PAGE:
There is no doubt that COVID-19 has radically changed the way many people are working and has accelerated the take up of digital tools more than anything…ever.
There is excitement about all the previously barricaded doors it is opening across institutions (to be fair this is partly a displacement activity from all the stress and anxiety of everything else that is happening!) as long held prejudices against remote working and digital tools are crumbling. It is even clear the double whammy of security and productivity are not the show stoppers they had long been held up to be.
Other people are writing and will write much better takes on these new opportunities than me. I have some small ambitions of my own – not least spending much less time away from Bristol – but generally I’m just muddling through like everyone else.
The big thing I just want to keep reminding people though is while there will be lessons to learn from all this we need to take them with a grain of salt. These are not normal times and I think the change in attitudes is probably a lot more fragile than some people think. Digital services and ways of working are going to come in for a lot of scrutiny after things settle down and for many people they will forever be associated with a crisis response – not business as usual. We’ll need to pick our battles – this isn’t going to mean carte blanche for every digital transformation plan that has previously stalled.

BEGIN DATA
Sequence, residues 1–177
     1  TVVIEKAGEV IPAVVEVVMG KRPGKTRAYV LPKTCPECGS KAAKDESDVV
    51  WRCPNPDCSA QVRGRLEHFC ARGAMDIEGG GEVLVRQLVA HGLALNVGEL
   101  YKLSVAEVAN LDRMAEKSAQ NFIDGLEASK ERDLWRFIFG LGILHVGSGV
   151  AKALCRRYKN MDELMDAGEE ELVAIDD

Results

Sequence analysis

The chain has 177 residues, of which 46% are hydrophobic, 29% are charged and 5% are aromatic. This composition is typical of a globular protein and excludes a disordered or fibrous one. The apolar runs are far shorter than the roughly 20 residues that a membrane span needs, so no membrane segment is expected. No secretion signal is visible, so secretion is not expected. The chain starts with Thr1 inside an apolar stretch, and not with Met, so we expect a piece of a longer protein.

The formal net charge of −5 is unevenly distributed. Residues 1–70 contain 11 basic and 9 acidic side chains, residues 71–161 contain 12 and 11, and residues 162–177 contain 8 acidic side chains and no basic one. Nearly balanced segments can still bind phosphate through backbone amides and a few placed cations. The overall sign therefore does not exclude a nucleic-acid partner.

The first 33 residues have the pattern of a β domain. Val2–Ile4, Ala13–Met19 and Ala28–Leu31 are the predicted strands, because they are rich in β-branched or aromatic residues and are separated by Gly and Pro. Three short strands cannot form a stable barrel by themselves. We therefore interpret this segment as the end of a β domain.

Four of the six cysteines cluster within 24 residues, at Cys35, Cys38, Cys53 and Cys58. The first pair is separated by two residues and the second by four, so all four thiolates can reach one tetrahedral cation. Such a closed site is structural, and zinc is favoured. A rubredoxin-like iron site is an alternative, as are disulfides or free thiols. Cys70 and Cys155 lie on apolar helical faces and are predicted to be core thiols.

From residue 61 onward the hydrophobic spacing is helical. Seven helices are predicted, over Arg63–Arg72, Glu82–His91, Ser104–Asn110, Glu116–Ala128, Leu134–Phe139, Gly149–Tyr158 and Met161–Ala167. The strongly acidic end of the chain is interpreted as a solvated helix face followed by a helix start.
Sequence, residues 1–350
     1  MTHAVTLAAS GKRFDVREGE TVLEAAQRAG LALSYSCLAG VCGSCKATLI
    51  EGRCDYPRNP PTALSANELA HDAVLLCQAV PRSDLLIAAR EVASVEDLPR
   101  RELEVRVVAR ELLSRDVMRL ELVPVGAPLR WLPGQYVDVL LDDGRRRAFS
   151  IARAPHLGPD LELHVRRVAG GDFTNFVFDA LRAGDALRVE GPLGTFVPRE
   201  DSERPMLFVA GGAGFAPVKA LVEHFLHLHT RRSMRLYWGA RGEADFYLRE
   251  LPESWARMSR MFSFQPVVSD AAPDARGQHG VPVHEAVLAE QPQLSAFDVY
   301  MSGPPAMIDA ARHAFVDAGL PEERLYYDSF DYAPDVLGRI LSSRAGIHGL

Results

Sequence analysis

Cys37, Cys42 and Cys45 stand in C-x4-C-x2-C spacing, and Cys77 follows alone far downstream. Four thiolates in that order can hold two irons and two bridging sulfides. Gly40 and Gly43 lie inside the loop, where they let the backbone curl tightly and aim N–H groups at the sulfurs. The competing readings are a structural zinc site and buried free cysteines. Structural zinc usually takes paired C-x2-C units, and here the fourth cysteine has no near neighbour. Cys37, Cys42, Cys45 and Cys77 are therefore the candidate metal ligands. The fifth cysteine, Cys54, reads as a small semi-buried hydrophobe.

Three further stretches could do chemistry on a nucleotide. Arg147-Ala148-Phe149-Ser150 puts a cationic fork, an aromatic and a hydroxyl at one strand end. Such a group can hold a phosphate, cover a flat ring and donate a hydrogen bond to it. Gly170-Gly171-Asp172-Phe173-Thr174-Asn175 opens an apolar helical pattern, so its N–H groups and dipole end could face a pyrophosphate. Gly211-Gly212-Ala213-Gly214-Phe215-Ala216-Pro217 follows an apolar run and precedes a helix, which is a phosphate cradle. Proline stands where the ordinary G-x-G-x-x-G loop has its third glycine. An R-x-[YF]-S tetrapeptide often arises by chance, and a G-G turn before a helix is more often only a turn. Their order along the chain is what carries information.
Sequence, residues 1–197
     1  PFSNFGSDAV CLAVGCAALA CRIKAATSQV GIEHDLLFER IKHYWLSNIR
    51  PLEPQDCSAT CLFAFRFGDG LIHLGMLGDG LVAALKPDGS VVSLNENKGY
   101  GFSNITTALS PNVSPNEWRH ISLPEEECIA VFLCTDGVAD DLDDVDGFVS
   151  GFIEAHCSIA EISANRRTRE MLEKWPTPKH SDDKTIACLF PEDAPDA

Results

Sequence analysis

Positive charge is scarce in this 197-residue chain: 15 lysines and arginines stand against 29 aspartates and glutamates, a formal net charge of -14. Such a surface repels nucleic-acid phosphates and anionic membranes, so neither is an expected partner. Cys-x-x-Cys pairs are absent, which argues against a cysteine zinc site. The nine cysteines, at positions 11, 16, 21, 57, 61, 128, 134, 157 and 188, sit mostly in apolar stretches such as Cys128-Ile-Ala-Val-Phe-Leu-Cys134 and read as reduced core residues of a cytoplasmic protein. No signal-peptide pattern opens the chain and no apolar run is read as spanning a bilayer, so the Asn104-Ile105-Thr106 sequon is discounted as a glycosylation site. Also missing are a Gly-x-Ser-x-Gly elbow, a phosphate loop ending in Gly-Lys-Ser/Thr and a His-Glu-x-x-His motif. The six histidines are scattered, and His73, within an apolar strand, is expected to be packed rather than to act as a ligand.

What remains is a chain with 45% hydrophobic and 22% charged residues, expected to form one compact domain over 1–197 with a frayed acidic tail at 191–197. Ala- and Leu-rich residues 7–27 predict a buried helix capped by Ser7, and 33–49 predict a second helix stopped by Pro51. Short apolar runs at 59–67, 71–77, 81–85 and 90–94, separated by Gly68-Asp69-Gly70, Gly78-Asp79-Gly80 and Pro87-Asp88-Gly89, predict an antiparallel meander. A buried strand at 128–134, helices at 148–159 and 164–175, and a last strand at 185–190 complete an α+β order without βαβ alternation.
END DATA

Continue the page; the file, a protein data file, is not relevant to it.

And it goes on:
There will definitely be changes that stick and opportunities to grab but also lessons to be learned about the limitations of digital and the need for truly inclusive services for citizens…and staff.
I just want to make sure we don’t just roll a crisis response into business as usual without taking the time to let people recover a little and actually design what we want things to look like in the future.
Is there carbon in your cloud?
With all the government clients I have worked with ‘cloud first’ is always followed (or at least aspired to) and frequently talked about. Guidance on how to create and implement a cloud hosting strategy refers to capability, cost and data storage requirements of your organisation's unique set of needs, but not the needs of the planet.
Impact beyond Alpha
4-8 weeks of a Discovery or Alpha project is a fleeting time for us to accomplish our mission: to help institutions embrace the opportunities of the internet era. What can we try to extend our impact beyond the confines of the project.